Friday, December 9, 2011

The Year in Music: 2011

It's that time of year again - when I have nothing better to do than to recap my taste in pop culture from the preceding 300-some-odd days. Last December, I simply listed my top 20 favorites songs of 2010, but in prior years, I had compiled my votes for the Grammy Awards. No, not the actual Grammy's...because they don't really ask my opinion on those. I went ahead and created the "Jerammies" - a cheesy take-off on the real awards, based on my own oddball musical preferences. I decided to revert back to that idea for 2011, but this time, I'm actually sharing my choices with you all (or tormenting you with them, depending on how you look at it). I've selected several of the more mainstream Grammy categories, and tried to remain true to the actual meaning behind the category names (which the actual Grammy voters never seem to do). This year's posts are replete with actual widgets from the Grooveshark site, which will allow you to listen to the songs I've foisted upon you. Wow, see how remarkably technologically inclined I've become?! In any case, in some instances, my selections this year seem to be uncharacteristically in line with the real nominations (I compiled my list before they were announced), but there are still several obscure gems that I feel should have gotten much more exposure. So, without any further babbling, here is the first category.

Rock Performance
The Grammy's condensed some categories this year, including eliminating the separation of solo and group rock performances. I have followed along with the changes here on my blog. Keep in mind, this category is supposed to highlight the best vocal performances in the rock genre. Again, the Grammy voters never seem to take this into consideration, instead just picking their favorite songs. In my mind, vocal performance is not only about who can belt out the loudest and longest, although that helps. It also encompasses matching the right type of voice with the right song, and other more subtle characteristics of the overall performance. That having been said, there is nothing SUBTLE about my pick for the winner in this category (highlighted in blue italics) - it was easily the most clear-cut decision I made in any of the categories. The nominees are:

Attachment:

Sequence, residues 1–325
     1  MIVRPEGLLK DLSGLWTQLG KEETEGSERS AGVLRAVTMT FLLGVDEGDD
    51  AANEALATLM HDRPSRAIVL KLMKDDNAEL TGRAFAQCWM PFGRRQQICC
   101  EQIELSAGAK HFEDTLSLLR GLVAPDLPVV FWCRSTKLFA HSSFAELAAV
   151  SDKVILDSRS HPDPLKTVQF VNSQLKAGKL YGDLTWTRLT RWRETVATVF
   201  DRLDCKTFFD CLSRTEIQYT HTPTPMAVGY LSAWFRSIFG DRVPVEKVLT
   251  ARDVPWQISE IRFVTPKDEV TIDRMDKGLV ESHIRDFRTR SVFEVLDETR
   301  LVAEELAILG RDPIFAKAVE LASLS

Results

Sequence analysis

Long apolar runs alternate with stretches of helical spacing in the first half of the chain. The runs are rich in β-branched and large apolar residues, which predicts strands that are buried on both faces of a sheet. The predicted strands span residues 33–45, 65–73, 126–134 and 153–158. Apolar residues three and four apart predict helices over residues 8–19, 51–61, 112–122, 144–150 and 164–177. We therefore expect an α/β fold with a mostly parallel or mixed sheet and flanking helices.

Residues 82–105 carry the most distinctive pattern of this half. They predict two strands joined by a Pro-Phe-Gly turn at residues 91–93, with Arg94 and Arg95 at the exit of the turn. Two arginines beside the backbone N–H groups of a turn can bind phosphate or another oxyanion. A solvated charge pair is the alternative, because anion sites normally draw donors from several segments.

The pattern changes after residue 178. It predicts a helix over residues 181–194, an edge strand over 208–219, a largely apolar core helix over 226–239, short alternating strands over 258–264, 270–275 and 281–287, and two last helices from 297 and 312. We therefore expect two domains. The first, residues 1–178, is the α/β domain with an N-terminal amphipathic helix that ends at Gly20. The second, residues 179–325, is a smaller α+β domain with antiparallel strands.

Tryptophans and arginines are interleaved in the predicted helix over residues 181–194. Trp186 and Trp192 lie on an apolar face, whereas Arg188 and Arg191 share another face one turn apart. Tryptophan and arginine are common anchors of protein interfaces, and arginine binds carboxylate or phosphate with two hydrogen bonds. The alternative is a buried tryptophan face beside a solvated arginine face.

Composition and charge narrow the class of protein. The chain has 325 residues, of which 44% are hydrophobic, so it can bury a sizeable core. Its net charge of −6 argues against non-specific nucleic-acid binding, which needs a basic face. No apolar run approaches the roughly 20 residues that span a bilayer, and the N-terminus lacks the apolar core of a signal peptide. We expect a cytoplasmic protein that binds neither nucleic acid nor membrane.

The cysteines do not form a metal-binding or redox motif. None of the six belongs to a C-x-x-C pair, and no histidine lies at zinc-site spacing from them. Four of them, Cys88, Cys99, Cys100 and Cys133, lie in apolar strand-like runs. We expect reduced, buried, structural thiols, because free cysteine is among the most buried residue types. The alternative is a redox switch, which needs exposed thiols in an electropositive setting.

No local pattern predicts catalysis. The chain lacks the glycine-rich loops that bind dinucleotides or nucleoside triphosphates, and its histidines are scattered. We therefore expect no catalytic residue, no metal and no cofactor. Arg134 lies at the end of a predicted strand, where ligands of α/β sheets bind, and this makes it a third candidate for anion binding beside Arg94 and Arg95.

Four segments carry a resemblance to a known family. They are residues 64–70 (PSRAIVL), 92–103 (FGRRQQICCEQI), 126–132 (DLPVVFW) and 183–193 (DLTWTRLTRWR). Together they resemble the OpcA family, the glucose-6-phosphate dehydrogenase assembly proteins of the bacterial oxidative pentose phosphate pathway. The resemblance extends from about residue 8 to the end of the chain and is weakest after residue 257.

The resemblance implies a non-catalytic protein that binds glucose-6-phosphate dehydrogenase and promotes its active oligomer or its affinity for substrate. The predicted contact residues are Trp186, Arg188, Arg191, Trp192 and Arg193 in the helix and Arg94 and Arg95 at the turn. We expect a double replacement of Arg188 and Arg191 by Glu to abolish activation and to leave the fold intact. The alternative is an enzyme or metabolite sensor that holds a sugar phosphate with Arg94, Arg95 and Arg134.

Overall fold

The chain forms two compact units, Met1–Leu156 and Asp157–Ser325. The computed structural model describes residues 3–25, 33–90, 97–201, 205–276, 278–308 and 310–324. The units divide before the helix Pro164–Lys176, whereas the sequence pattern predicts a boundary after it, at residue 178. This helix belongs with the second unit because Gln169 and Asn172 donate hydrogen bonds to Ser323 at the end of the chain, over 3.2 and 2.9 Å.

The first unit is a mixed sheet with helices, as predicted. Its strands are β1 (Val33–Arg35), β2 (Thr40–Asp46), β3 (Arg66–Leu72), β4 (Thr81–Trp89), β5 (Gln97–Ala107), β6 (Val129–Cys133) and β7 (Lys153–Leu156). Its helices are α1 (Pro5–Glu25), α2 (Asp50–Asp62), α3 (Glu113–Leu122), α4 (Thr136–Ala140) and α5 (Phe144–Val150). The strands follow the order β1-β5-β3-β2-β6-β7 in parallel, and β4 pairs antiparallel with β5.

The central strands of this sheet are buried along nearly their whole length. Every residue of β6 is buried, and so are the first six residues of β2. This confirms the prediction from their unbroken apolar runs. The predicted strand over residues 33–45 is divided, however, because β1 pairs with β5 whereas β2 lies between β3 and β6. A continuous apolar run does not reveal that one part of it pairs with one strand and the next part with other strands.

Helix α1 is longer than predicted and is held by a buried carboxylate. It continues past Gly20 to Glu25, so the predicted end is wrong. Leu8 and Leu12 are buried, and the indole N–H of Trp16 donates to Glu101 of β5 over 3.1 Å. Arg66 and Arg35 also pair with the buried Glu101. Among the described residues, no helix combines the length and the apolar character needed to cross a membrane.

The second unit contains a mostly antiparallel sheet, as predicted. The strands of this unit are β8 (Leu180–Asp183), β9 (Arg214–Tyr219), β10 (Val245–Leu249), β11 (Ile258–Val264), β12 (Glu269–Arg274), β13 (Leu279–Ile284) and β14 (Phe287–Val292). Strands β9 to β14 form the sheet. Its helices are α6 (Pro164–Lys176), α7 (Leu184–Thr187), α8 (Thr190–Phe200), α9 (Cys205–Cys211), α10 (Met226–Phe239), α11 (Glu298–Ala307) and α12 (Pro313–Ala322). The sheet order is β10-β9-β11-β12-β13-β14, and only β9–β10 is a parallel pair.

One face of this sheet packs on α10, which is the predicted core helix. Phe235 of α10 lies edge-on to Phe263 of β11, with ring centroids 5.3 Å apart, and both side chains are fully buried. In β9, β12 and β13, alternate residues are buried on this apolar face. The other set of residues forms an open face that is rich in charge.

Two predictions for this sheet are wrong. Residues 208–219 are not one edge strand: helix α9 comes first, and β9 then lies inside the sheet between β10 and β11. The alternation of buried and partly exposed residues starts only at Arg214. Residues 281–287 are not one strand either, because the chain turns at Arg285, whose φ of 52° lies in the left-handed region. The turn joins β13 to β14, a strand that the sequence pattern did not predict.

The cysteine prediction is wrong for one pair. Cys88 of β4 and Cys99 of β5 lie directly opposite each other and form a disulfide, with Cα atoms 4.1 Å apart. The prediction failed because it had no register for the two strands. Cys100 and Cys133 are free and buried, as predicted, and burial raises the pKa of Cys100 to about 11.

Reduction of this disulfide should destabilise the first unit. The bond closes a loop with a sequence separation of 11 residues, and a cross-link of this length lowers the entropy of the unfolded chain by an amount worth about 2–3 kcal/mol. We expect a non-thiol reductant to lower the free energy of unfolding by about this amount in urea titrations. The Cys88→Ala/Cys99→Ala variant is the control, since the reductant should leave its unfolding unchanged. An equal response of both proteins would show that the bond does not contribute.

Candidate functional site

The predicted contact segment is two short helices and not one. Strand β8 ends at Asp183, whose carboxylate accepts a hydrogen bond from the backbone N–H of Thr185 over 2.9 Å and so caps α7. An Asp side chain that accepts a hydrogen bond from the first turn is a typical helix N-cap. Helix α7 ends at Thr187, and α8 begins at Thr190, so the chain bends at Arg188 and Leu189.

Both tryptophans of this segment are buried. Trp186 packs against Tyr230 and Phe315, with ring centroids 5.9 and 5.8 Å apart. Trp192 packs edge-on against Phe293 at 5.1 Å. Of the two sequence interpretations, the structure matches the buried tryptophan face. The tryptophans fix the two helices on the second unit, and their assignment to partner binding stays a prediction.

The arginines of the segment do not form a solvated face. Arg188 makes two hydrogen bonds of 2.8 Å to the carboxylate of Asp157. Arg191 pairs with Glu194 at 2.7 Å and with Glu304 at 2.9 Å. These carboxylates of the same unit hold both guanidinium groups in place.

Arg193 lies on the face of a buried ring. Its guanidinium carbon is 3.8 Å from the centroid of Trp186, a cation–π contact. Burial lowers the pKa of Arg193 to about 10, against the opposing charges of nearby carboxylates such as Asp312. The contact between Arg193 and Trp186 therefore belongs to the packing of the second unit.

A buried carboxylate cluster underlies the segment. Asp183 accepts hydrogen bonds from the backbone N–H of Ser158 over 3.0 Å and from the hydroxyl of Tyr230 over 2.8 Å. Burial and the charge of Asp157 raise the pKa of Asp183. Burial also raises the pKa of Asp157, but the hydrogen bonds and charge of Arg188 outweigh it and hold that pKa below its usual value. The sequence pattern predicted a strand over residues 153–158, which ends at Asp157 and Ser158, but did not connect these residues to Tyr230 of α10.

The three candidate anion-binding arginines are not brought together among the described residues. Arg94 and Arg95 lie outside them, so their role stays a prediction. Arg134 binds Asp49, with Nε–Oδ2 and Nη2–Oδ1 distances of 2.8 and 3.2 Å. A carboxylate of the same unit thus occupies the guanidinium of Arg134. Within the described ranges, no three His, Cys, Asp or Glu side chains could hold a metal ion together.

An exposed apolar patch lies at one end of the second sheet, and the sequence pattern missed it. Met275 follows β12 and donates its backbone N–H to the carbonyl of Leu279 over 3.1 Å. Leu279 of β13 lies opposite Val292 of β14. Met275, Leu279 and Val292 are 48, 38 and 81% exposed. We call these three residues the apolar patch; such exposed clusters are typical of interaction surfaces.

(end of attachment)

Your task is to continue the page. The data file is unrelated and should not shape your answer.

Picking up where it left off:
Slave to the Grind - Halestorm
Lead singer, Lzzy Hale, is one of rock's best kept secrets. I don't know why Halestorm didn't make a bigger splash with their debut album, but this year's Reanimate - The Covers EP provided a few standout tracks to hold me over until their sophomore effort comes out. Chief among them: Heart's "All I Wanna Do is Make Love to You," Lady Gaga's "Bad Romance," and this rip-your-face-off take on the amazing Skid Row screamer from 1991. Sebastian Bach was perhaps the greatest vocalist of the hair band era, and Lzzy Hale unbelievably almost matches him note for every throat-destroying note on this remake. And, if you check out any live clips on Youtube, you'll see this is no trick of studio engineering; she HITS the notes. Overall, the recording is not an improvement on the original, but the vocal performance deserves to be recognized for what it is: stunning.

The Fire - Rev Theory
The Ballad of Mona Lisa - Panic! at the Disco
Stand - Ed Kowalczyk (ex-lead singer, Live)
Walk - Foo Fighters
Lost in Paradise - Evanescence

Jerammies 2011 by Jeremy Sand on Grooveshark

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